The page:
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Baba Watoto Comes to the Community: A study of child protection centres in Kenya

by Ken Ondoro, with contributions by Pia Vraalsen

October 2020

Ken Ondoro is the Managing Director and Founder of African Research and Development (ARD) a Kenyan consultancy.

Pia Vraalsen is a Senior Associate at Child Frontiers

In 2019, UNICEF Kenya commissioned Child Frontiers to conduct a formative evaluation of child protection centres (CPC) in the capital, Nairobi, as well as in the counties of Malindi, Garissa and Nakuru.  Working in partnership with the Department of Children Services (or children’s office) of the Ministry of Labour and Social Protection, this review explored how the CPC model has been adapted to the local context in each of the four counties. The purpose of the evaluation was to generate learning and recommendations to improve service delivery and, ultimately, improve protection outcomes for children and families in Kenya.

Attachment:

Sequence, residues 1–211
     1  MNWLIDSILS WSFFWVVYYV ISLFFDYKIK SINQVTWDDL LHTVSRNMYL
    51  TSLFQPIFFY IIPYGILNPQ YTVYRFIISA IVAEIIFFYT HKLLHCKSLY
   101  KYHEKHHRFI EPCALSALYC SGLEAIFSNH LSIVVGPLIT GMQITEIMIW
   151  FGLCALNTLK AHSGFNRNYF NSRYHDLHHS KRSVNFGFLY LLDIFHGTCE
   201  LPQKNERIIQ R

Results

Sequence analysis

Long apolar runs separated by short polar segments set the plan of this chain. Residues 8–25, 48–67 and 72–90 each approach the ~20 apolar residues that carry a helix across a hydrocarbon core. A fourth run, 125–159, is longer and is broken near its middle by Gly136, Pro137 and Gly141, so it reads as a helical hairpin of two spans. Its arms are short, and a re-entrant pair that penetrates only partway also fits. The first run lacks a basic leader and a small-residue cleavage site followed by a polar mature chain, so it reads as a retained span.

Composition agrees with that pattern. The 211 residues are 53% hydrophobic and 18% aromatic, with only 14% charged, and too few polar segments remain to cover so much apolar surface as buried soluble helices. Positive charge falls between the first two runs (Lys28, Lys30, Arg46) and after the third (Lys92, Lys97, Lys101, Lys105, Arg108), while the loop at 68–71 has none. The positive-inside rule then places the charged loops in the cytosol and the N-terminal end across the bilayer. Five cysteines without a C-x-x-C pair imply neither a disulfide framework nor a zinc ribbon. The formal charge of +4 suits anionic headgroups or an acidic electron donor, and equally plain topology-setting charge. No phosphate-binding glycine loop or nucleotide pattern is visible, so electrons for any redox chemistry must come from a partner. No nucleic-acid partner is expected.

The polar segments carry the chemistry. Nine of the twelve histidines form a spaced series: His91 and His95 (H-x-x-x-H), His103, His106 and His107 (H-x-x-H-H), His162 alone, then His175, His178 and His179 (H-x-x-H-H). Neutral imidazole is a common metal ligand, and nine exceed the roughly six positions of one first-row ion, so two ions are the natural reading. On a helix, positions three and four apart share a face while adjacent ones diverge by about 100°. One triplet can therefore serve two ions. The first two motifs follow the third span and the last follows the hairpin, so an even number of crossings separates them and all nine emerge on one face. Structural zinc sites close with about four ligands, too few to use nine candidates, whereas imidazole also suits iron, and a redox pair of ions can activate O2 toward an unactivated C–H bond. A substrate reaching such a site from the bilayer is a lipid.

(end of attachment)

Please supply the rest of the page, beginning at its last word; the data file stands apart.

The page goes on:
The CPC model is based upon the premise that county-level centres provide children and families with greater access to welfare and protection services.   Designed as a holistic service hub for protecting children from abuse and violence, the staff at the centres raise community awareness on child rights and engage leaders on prevailing social norms and practices that expose children to harm, especially female genital mutilation and child marriage. Staff are also trained to manage individual cases of children at risk of abuse and violence. The ‘one-stop-shop’ ethos of the centres reflects the needs of children, families and communities for more inter-connected health and education services, social protection measures and legal support.